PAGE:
Frederick took a course in signalling and qualified, on May 18th 1917, as an instructor in first aid and stretcher drill. He was apparently training recruits for the front.
On 23rd July 1917 he was transferred to the Army Pay Corps. He was a clerk in civilian life and was now aged 46. It is likely the transfer was as a result of the Pay Corps trawling for qualified clerks to administer the expanding army. He was based at "The Priory" in Shrewsbury which was possibly the Priory School for Boys which had been built on the riverside in 1911 and may have been commandeered by the War Office. As a pay clerk he would certainly have known about mental arithmetic adding-up pounds, shillings and pence, as well as triple-column cash books completed with nib and ink.
He did not serve overseas in the First World War and was discharged on 18th July 1919.

Kind regards,
Reply from: Gill Railton
Date: Thursday 7th June 2012 at 1:30 PM

Dear Alan

Thank you so much for this information, the depth of your knowledge is amazing, I will be making a donation to The British Legion today.

Thankyou and Best Wishes

Posted by: Paul {Email left}
Location: Belfast
Date: Tuesday 5th June 2012 at 10:46 PM
Hi Alan, I'm sorry but I'm back again. So much for me not bothering you any more! I wonder can you help me again?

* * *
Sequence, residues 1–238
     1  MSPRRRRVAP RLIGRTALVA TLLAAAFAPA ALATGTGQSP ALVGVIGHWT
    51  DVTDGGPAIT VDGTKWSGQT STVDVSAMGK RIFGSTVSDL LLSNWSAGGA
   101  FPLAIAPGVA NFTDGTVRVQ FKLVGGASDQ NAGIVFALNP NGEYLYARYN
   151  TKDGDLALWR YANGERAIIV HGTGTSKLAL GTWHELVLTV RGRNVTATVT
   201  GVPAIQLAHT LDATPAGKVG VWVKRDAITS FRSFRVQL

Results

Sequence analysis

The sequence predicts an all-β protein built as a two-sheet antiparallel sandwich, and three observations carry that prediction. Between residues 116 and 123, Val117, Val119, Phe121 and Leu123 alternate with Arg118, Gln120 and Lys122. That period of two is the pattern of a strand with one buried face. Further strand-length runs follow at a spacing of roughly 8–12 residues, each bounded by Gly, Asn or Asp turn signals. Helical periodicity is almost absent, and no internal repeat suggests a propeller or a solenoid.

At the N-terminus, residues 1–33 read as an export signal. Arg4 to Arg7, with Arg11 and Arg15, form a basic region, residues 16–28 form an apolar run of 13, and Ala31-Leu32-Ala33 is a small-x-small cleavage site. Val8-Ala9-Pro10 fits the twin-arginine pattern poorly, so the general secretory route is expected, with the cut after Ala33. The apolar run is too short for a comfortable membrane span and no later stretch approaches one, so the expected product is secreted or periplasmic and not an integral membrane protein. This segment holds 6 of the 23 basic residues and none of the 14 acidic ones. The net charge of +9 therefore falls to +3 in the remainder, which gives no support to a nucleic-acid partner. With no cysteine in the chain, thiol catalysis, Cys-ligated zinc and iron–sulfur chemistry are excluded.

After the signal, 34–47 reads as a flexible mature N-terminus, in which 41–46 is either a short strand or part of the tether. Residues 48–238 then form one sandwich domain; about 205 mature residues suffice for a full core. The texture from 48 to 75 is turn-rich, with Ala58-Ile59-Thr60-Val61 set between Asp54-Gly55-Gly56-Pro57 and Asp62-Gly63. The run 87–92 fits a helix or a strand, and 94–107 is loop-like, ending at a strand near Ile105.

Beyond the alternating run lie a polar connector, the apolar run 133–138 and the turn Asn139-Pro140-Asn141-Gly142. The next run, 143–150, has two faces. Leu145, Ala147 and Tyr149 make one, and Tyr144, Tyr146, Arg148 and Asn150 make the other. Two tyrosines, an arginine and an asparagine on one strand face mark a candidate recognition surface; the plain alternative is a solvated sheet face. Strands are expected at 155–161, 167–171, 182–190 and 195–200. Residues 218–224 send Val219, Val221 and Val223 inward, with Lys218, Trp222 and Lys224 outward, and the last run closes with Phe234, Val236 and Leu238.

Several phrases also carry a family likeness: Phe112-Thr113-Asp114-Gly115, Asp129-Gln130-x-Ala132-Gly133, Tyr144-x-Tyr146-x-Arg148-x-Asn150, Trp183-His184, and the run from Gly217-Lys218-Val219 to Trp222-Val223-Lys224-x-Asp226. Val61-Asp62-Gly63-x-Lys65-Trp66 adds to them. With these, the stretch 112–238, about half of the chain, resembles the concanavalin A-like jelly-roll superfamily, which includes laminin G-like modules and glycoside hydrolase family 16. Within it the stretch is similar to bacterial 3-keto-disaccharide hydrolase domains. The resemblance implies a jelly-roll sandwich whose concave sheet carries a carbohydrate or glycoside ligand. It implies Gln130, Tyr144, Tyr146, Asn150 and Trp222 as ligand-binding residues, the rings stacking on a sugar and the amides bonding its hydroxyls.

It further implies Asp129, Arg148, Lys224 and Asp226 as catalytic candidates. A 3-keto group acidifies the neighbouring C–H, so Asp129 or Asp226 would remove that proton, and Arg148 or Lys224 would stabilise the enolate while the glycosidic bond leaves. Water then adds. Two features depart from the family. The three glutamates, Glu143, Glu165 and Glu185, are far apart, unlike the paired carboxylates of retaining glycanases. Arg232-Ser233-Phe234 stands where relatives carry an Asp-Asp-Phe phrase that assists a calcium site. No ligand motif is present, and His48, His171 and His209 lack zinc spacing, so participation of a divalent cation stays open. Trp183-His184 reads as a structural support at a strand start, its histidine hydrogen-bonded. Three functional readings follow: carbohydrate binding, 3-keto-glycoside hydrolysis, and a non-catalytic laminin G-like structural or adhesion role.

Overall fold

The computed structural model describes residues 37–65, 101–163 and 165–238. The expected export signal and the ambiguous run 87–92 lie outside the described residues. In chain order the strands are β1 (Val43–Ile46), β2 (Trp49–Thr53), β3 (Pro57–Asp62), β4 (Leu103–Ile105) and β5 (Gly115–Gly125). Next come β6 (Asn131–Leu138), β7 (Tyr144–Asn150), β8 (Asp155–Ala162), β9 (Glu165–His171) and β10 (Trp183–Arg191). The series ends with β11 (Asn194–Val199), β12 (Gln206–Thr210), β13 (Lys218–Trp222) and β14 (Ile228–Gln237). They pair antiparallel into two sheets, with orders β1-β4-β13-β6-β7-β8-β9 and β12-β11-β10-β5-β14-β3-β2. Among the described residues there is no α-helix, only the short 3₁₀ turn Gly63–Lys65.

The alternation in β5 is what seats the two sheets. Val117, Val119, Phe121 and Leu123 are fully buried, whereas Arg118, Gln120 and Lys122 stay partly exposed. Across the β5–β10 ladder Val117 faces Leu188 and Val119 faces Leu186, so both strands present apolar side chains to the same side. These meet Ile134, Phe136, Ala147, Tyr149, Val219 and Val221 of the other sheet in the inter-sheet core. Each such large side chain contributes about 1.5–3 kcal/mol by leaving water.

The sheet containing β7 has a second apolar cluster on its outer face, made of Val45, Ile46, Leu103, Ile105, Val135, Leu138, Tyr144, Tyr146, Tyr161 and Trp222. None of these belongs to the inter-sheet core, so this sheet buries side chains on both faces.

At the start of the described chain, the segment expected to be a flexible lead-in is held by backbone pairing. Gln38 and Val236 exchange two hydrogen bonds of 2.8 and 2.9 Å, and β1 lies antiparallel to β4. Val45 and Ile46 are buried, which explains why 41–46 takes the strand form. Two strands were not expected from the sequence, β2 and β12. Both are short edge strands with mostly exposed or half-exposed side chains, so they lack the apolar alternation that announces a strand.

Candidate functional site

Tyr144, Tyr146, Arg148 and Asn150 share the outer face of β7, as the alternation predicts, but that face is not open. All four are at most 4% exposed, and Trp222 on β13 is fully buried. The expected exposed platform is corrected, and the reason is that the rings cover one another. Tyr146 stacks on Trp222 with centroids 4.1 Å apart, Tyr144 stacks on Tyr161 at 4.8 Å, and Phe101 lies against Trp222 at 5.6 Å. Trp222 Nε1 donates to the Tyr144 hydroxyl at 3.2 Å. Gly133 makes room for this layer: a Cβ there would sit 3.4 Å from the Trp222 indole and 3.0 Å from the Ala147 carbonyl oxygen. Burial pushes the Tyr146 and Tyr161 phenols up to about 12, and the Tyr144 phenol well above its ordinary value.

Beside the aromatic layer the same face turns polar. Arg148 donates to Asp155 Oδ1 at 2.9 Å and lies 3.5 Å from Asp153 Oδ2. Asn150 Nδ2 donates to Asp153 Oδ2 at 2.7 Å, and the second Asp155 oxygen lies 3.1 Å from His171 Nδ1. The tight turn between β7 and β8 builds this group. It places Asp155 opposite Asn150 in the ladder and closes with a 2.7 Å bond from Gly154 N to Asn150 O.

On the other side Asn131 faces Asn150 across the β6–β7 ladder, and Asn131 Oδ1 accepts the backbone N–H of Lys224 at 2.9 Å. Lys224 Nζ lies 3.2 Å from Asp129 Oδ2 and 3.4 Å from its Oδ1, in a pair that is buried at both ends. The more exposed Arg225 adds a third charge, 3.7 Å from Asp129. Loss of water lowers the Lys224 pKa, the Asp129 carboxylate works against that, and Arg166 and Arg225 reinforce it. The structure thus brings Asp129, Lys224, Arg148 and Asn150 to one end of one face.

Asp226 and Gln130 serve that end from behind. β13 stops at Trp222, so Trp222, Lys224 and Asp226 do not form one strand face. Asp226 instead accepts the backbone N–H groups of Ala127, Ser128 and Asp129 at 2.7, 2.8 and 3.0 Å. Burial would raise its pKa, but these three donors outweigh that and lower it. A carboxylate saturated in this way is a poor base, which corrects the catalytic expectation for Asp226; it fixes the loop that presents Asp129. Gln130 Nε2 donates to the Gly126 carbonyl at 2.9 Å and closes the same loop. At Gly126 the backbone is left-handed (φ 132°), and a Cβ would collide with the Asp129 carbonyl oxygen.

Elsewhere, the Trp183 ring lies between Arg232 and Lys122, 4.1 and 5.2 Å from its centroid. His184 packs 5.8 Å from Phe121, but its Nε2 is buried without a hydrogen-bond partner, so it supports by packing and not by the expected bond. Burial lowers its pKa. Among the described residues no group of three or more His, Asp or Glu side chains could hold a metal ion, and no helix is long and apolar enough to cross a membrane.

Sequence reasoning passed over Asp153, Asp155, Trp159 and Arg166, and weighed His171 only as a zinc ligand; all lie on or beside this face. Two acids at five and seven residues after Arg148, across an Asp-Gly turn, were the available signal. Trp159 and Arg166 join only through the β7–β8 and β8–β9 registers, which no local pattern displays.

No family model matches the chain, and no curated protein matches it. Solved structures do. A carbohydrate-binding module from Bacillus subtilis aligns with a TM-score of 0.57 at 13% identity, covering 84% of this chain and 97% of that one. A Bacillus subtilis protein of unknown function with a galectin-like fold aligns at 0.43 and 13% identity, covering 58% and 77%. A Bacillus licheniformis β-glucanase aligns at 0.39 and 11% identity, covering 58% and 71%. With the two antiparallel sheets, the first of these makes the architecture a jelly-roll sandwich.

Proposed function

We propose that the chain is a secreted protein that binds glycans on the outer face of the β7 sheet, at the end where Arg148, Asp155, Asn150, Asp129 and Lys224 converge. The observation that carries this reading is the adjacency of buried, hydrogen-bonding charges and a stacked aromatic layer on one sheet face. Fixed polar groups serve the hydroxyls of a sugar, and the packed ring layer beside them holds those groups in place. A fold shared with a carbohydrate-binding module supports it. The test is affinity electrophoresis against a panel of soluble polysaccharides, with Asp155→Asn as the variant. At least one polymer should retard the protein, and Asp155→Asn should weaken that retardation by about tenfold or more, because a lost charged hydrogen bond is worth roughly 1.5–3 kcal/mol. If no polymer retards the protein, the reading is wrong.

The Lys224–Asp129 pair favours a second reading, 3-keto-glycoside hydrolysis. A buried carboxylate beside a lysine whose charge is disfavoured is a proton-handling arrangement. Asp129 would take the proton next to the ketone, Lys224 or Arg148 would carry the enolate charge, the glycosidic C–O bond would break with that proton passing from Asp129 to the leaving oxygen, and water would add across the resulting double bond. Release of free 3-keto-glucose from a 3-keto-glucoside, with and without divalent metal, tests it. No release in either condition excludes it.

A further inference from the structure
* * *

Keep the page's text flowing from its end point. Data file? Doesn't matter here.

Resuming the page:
The soldier I am interested in getting more information about is;

McKEE, Robert
Rank: Private
Service No: 6607
Date of Death: 06/12/1917
Regiment/Service: Royal Irish Regiment

Family history says he died in an accidental shooting in County Cork while training to go over to France/Flanders.
Any additional information would be greatly appreciated.

Thank you.
Reply from: Alan Greveson
Date: Wednesday 6th June 2012 at 8:10 PM

Dear Paul,
There is no surviving individual service record for Robert McKee. "Soldiers Died in the Great War" (HMSO 1921) recorded he "died" as opposed to being killed in action. He served at "Home", meaning the UK. The CWGC recorded that he was buried in the south-west corner of Rossglass (St Mary Star of the Sea) RC churchyard.
At the date of his death, the 4th Battalion Royal Irish Regiment, which was a home based training battalion, was at Queenstown (renamed Cobh in 1922). His death certificate should record the cause of death. It is probably the death recorded at Cork in the last quarter of 1917:
Robert McKee Estimated Birth Year: abt 1899 Date of Registration: Oct-Nov-Dec 1917 Death Age: 18 Registration district: Cork Death Country: Ireland Volume: 5 Page: 105.
Certificates can be ordered from the GRO in Rosscommon. See:

The regimental museum may have some record if there was a board of inquiry or a court martial. See:

Kind regards
Reply from: Paul
Date: Friday 8th June 2012 at 1:27 AM